MUSKEGON HEIGHTS, Mich. (WOOD) - The new emergency manager for Muskegon Heights Public Schools has sent out layoff notices to 158 district employees.
Emergency Manager Don Weatherspoon, who was appointed as the emergency manager by Gov. Rick Snyder on April 19, sent out the letters to employees Wednesday.
The 158 employees constitute every state employee within the district -- with the exception of some Head Start and preschool staff.
The letters cited "urgent financial circumstances surrounding the district," according to a release from the Muskegon Area ISD.
-- Read the layoff notice from Weatherspoon (pdf) --
Teacher aides, support staff and administrators received layoff notices. Some administrators and teachers were given notices of non-renewal of individual contracts.
Weatherspoon said that intent of both notices was the same but that state law requires the use of different language, according to the release.
The letter said Weatherspoon "regretted the uncertainty which results from the notice" but the "action is being taken to provide the flexibility required to accomplish the reorganization of the School District," the release stated.
The release said that Michigan Works representatives will be at the district on Friday to help staff file for unemployment benefits.
Under state law, emergency managers are given powers that regular administrators are not, like the power to void collective bargaining agreements.
-- Michigan law on emergency managers (pdf) --
The layoffs are effective June 8.
Tuesday, Weatherspoon laid out three decrees.
First, he detailed hat he has control over everything in the district and that the school board will now act in an advisory capacity only. He stressed in particular that he had the power to modify contracts and make personnel decisions.
He also suspended all travel to conferences and workshops unless he approved the trip in advance.
Finally, he authorized the sale of extra school district equipment and supplies. He said he would contract with an auction company to sell things under $50,000.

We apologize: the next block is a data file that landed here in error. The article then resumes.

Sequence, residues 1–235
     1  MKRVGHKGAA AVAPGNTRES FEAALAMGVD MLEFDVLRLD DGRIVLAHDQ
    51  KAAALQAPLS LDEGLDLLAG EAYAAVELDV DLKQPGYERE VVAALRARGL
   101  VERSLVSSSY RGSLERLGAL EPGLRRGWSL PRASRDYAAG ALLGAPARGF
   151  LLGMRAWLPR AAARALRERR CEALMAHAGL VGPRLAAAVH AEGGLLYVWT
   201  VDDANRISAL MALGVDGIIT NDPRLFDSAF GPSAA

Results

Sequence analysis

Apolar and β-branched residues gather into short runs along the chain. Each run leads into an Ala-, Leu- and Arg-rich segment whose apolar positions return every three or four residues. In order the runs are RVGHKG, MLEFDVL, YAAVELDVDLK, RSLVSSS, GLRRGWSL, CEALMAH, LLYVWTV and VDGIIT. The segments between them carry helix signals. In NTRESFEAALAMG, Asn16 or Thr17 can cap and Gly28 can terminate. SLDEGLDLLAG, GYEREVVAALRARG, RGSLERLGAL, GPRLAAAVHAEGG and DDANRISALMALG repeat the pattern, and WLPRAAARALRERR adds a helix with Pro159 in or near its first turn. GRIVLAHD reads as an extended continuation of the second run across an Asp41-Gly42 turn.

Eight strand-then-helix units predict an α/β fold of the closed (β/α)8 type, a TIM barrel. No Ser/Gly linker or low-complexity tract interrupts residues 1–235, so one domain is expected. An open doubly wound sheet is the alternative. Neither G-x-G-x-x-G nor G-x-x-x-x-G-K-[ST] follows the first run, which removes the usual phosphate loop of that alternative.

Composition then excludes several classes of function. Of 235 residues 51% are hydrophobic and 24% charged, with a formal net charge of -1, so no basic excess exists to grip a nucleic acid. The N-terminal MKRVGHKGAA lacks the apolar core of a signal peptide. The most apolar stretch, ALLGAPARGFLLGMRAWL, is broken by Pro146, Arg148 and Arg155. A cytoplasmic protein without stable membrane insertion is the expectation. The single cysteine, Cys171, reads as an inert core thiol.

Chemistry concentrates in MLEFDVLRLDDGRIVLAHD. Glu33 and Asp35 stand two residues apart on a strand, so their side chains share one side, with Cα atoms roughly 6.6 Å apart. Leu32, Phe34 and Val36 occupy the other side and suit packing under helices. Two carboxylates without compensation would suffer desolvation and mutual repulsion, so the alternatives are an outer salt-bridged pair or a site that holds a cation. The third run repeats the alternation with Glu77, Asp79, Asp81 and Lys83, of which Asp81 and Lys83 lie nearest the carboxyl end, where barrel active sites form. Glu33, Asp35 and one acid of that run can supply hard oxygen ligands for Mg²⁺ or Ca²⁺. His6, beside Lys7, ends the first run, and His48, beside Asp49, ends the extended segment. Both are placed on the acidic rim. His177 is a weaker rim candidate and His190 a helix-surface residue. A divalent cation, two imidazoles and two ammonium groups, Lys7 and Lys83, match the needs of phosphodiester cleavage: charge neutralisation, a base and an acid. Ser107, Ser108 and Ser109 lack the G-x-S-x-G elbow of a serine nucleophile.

Also on Wednesday, three school board members - president Avery Burrel, vice president Ronald Jenkins and treasurer Ivory Morris - resigned.
Burrell characterized his resignation as a passing of the torch to the district's new leader.
"A lot of people look toward me for direction but it's time to look toward him," said Burrell.
Burrell said he felt that in order for the manager to be accepted as a leader, others needed to clear a path for him.
"We wanted to make sure the slate is kind of cleaned so they can kind of move forward, not looking back," said Burrell.
Burrell said he wanted to put aside any fears that the layoffs were a precursor to a shutdown of the district -- but he made clear that major cuts are certain.
"The district is going to look really different. There's a lot of changes that need to be made and, unfortunately, that's what he's here to do."
Muskegon Heights teachers union President Joy Robinson said in a Thursday statement that teachers would continue to do their best to help students learn.
"We consider this move to be part of the process of rebuilding the district," Robinson said in the statement. "The staff remains committed to the Heights and to working with the Emergency Manager to rebuild and right-size the district. Earlier this week, Dr. Weatherspoon called this period of adjustment a "rebirth." A rebirth is a time of excitement and hope and we want good things for Muskegon Heights students and community."
Facing a deficit of about $12 million for the coming fiscal year, the district asked for an emergency financial manager in December 2011.
At the time, the district was currently operating under a deficit budget for the sixth straight school year. School leaders estimated the current deficit at $9 million in December.
A state-appointed review team recommended that an emergency manager be installed in early April.
The teachers union has opposed the appointment of an emergency financial manager, saying that it has a plan to get the district back on track and that it needs more time.
But the review board said the district was out of time when it decided to recommend the appointment.
Muskegon Heights EFM
On Saturday, the Michigan State Spartans will be taking on the Ohio State Buckeyes for the Big Ten College Football title. On Friday, fans began gathering in Indianapolis for the big game.
Two Kalamazoo men are in jail after Kalamazoo officers found them with money stolen from Sunny Mart Friday afternoon.
Two people were taken to the hospital after one vehicle crossed the center line, causing a head-on crash in Ada Township Friday night.